Feature Article - February 2011
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Budget Defense Tactics

Use Business Sense & Strategic Partnerships to Survive

By Deborah L. Vence


Community Surveys & Support

And, don't underestimate the power of a community, either, in helping to defend your budget.

The state of California's $20 billion budget deficit prompted Gov. Arnold Schwarzenegger to propose closing up to 220 state parks as a way to shrink the deficit. But, the governor backed down from his proposal after a huge public outcry.

Such community protests prove that people really do appreciate their parks, and that it pays to consult with residents before any major decisions are made.

Tacoma, Wash., has strong advisory council support and neighborhood councils scattered throughout the community to help find out what residents want in recreation services.

"We rely on community surveys that are both scientific and special interest groups," said Jack C. Wilson, executive director of Metro Parks Tacoma, created in 1907 as a municipal corporation to manage park, recreation and zoological services and facilities for Tacoma residents.

"In April [2010], we basically did our homework, and conducted surveys, public outreach, community conversations. We didn't wait until we were having to eliminate programs," Wilson said. "Based on forecasting and loss of property and sales tax, we were going to be challenged, and we didn't want to take the community down that road. But, we argued that if you support it, it will allow us to maintain the services. They were not, in that particular point in time, not willing to support anything new, beyond our core.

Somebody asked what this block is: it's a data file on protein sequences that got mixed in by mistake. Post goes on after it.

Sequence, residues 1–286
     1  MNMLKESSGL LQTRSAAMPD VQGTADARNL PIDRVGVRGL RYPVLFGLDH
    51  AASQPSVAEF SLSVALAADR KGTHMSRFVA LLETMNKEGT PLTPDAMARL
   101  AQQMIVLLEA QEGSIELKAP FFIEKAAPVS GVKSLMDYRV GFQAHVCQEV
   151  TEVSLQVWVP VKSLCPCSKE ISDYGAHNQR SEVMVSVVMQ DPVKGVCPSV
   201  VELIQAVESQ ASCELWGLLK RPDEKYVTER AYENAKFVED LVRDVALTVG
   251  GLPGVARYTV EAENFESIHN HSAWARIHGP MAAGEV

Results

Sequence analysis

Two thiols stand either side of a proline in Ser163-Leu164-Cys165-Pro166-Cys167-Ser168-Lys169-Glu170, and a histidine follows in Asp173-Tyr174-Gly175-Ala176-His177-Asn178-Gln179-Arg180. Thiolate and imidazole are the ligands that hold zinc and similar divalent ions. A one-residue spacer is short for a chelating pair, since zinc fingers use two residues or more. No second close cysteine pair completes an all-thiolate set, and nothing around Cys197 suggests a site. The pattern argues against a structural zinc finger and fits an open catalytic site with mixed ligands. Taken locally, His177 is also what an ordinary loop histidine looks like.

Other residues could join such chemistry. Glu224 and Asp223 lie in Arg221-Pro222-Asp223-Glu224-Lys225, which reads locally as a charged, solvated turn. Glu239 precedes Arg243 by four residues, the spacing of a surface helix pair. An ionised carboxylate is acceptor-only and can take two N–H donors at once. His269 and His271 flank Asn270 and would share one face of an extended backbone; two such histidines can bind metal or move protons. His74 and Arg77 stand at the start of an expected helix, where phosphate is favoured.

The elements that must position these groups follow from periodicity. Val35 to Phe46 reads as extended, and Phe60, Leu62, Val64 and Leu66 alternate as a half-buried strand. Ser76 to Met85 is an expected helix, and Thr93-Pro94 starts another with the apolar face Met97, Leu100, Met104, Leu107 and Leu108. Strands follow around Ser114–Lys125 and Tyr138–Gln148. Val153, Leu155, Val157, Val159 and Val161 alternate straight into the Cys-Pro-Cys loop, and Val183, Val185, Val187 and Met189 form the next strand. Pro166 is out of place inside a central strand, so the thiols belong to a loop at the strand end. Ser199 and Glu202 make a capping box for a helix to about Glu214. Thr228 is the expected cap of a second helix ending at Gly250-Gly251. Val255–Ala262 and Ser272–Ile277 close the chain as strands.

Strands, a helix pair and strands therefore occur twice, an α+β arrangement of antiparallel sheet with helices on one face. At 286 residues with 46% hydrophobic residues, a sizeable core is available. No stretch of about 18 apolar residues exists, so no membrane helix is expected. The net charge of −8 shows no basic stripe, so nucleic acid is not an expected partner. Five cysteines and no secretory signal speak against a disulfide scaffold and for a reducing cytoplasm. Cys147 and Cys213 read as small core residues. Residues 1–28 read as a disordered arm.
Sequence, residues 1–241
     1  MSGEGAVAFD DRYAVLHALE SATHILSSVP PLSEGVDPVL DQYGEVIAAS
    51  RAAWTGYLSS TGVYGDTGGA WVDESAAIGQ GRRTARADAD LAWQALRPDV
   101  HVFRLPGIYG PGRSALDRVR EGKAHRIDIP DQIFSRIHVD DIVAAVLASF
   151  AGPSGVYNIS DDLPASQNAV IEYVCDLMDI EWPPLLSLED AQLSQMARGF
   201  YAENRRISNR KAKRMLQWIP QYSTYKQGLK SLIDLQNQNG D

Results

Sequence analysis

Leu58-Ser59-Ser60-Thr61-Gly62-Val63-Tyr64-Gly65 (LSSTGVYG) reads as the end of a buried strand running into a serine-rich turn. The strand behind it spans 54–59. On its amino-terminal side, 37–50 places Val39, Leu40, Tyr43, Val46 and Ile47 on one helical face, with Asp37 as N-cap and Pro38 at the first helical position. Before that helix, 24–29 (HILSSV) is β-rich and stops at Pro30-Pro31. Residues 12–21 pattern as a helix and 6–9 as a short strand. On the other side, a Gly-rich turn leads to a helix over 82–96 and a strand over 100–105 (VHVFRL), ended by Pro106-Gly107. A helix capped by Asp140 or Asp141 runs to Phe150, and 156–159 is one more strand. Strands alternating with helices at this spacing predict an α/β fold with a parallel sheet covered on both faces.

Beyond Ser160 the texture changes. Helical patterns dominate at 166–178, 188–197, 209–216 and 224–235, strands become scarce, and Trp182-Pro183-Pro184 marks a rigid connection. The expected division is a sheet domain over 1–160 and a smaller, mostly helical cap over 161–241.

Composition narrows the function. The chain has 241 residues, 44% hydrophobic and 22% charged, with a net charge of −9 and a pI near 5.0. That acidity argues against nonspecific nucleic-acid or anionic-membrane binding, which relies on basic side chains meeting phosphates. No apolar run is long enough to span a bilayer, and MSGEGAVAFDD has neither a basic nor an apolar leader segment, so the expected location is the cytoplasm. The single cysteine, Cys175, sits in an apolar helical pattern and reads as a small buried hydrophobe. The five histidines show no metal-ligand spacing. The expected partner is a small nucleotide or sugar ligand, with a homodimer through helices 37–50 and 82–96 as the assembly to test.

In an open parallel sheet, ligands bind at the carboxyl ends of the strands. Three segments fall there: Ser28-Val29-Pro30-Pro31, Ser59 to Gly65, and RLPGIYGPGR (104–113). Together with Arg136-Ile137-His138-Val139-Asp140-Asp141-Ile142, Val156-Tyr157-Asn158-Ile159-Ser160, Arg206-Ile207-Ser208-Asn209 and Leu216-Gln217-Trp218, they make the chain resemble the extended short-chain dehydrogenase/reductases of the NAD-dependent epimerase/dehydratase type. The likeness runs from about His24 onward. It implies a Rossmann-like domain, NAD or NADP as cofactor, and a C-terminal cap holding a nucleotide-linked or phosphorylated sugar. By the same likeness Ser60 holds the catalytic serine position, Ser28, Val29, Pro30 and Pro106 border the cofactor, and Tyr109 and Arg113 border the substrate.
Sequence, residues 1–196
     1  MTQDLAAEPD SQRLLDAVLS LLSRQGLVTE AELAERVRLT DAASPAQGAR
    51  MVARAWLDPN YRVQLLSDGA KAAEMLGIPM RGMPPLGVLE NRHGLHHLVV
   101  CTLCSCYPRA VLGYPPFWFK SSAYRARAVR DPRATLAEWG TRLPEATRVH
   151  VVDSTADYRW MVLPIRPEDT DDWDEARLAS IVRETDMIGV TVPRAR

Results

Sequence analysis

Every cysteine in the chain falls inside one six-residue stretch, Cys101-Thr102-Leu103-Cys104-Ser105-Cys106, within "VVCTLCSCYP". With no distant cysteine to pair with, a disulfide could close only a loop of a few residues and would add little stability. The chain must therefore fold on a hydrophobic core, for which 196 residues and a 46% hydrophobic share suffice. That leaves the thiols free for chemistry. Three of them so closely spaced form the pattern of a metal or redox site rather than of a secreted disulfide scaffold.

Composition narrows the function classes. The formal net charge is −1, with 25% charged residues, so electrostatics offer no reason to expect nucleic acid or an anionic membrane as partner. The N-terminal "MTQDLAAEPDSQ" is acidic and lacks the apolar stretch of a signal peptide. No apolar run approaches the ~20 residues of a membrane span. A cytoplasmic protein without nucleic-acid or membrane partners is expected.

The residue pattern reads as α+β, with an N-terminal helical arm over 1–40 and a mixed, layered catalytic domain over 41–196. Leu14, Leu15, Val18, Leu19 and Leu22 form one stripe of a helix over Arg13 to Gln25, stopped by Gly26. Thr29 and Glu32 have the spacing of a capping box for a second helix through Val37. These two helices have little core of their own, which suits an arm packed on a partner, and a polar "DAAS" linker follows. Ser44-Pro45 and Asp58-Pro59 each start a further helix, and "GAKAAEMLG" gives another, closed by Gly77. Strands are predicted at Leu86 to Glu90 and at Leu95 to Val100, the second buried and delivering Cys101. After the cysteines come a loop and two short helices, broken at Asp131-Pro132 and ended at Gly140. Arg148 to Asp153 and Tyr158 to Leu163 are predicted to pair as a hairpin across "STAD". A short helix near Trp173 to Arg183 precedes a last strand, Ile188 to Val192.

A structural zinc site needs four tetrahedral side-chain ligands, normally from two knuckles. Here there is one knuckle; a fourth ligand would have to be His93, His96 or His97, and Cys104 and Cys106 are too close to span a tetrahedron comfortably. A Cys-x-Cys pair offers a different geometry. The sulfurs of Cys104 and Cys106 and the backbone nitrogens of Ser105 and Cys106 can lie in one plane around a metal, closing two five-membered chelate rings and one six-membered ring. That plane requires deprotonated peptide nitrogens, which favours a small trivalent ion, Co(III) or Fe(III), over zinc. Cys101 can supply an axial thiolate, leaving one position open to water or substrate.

"They did have a respect, appreciation and an understanding and [understood that we] needed to secure additional resources just to maintain and sustain our efforts. We are in a position where we are not losing any services, or cutting back our programs. And, when you look around many other government entities, we feel very fortunate."

Sometimes you have to go a long way to get community support, which requires a great deal of conversation and public participation.

"It doesn't happen overnight," Wilson said. "The investment we have made, planning, community outreach is paying big dividends. I thought I could put together a strategic long-term plan in one year, but it took three years."

Metro Parks Tacoma provides a golf course and two zoos. It's a very diverse park system, which requires a great deal of strategy to make sure that it's bringing those interests to the community to advance the park and recreation system there.

"We really try to learn a lot from the data. We want to be data-driven, [and] gain interest through the community through the surveys. We craft our strategy from that, [and find out] what their interests are," Wilson said. "We want to help educate them and create an awareness around trends. What was valid 25 years ago, [maybe isn't] serving the community today. That's an important part of the process as well. There are expectations and new ways of providing service that really do support and get at the changing demographics that we have in the community."

Transforming old wading pools into spraygrounds, a key feature at many parks now, helps meet the needs of the community and moving along with changing trends. Fifty years ago, a rectangular type swimming pool met the needs of the community. But, that might not necessarily be the case today.

"[Community surveys] have really helped. There [has been] a feeling of trust and confidence in terms of transforming our parks system," Wilson said. "A fundamental part of our success and future success will be that genuine effort to engage and get the community involved."